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Tartellog by Joeytartell - 10M ago

As it’s the beginning of the school year, now is a great time to think about how and why we practice.  If you’re in school, there is a lot asked of you.  There are the time commitments of being in all of your classes and rehearsals.  Then there’s the work associated with classes, rehearsals, and lessons.  All of that is important.  But if you only focus on what’s right in front of you, it’s possible that you can get frustrated and lose track of why you’re doing what you’re doing.

This can happen in our daily lives, especially while we’re in school.  It can be frustrating to sit in a practice room working on whatever is most difficult for you (for me it was piano- learning the proper fingerings for scales made me want to throw the piano out the window).  It is very easy to go to the “will I ever really need this?” question about any single aspect of school or work that you find tedious or difficult.

That’s because all of that is the Little Picture.  Don’t get me wrong- the Little Picture is important.  This is what you’re doing right now for the immediate future: homework, learning music for an upcoming performance, learning material for your lessons.  You want to do well in school, sound good in performances, and be prepared for your lessons.

Here’s the hard part- You shouldn’t let the Little Picture obscure the Big Picture.  The Big Picture is the overarching reason you’re doing all of this work.  You get to decide what the Big Picture is.  Please let me offer some advice:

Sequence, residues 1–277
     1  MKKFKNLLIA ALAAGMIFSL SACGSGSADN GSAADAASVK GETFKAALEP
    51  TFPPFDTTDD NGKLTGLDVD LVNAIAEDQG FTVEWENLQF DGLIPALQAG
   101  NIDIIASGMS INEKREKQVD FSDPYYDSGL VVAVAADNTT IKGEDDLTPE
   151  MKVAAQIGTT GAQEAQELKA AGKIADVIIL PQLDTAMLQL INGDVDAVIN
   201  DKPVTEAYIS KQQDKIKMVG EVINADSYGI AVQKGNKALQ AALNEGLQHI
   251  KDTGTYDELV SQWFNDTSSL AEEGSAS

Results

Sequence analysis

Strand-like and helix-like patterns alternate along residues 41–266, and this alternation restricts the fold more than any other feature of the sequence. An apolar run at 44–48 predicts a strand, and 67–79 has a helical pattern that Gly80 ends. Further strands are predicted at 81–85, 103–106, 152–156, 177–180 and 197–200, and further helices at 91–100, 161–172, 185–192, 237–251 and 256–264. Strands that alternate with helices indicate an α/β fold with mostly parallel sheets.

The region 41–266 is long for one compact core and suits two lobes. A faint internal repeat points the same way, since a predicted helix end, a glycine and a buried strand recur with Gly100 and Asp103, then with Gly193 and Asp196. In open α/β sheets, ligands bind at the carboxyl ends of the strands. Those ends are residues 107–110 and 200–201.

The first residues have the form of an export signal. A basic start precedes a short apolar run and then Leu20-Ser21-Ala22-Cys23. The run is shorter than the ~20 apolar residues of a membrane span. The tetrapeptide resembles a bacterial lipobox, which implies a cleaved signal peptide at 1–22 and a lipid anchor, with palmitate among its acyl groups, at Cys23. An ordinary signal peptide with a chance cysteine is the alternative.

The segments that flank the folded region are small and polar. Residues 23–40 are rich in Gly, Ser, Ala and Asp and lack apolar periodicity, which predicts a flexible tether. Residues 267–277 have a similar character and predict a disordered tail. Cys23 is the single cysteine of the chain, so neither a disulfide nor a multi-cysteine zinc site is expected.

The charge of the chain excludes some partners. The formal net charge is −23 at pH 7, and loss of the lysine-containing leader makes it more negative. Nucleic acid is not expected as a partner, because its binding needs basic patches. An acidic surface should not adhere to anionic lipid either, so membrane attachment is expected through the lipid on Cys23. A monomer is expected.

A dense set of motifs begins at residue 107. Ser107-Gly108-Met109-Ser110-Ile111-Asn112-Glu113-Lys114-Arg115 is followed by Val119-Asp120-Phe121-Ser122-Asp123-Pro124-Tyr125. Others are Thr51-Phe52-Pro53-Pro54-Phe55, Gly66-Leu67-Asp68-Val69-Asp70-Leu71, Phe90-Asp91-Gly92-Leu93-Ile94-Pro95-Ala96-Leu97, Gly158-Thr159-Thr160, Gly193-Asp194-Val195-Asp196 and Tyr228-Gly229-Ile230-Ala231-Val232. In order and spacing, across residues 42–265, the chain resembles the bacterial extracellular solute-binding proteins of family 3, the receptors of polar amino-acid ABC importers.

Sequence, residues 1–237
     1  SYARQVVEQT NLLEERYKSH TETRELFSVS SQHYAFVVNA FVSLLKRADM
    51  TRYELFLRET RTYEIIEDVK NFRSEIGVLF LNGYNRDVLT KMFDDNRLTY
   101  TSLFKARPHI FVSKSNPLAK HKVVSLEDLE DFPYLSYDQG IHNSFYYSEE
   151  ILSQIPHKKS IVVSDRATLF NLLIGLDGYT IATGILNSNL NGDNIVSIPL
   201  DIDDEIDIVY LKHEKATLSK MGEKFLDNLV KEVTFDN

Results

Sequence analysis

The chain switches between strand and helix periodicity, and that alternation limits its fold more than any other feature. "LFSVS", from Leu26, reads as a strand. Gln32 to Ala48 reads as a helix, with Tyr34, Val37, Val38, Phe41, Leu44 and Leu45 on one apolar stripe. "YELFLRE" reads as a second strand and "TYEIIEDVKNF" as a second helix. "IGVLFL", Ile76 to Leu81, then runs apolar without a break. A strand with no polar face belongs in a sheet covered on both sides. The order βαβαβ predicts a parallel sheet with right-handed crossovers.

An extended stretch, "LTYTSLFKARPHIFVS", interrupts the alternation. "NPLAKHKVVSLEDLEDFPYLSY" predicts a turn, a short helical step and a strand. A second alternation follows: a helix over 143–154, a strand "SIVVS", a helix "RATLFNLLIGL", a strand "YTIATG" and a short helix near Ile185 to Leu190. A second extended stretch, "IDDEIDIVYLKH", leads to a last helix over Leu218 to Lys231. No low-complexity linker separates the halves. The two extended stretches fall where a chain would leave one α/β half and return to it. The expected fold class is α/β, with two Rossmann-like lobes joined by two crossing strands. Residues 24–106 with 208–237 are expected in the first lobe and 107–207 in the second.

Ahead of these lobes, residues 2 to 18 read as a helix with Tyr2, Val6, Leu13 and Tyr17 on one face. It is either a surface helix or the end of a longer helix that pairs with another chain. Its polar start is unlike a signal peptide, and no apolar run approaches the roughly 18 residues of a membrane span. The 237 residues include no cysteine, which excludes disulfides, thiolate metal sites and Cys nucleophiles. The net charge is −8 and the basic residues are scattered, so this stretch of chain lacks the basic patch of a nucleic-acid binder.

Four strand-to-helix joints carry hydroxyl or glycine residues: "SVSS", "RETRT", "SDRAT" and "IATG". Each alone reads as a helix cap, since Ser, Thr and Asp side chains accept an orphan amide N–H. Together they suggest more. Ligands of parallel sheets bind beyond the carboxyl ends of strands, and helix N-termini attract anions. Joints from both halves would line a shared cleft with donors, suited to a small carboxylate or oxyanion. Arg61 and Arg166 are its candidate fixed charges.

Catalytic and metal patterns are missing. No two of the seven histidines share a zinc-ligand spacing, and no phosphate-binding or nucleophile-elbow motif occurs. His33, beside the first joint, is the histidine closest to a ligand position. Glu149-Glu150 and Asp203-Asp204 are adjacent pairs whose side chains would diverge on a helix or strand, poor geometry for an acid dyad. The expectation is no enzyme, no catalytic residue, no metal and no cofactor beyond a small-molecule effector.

• Make the Big Picture a concept, not a goal.
    • If you make your big picture a goal, like winning a certain job, then as soon as you achieve it, you’re done.  My big picture is to be a great trumpet player, musician, and teacher.  If my goal was to play lead on Maynard Ferguson’s band, I would have been done with my Big Picture before I was 30.  If it was teaching trumpet at a great music school, then I would still have been done before I was 40.  Make no mistake, those are things I wanted to do and am happy to have done.  But those were all Little Picture things.
  • Stay aware of both the Little Picture and Big Picture.
    • When you lose sight of the Big Picture, it can feel like what you’re doing is pointless, and you’ll never get anywhere.  My career is going well, but it wasn’t exactly a straight line.  I worked at America Online for a short period of time, taught kindergarten for a year, and worked for the Chicago Symphony Orchestra’s Education Department.
  • Invest heavily in every Little Picture.
    • As hard as it can be, take every step in your potential growth seriously.  I have lots of rules.  One of those is:  Knowing is generally better than not knowing.  When you encounter those parts of your education that you don’t like, don’t care about, find difficult, or any combination of those- take the time to do the work and, even if you never see any concrete benefit from it, you’ll be the better for it.

If you can operate this way, you can’t help but continue to grow.

Now get to work.  And never forget why you’re doing it.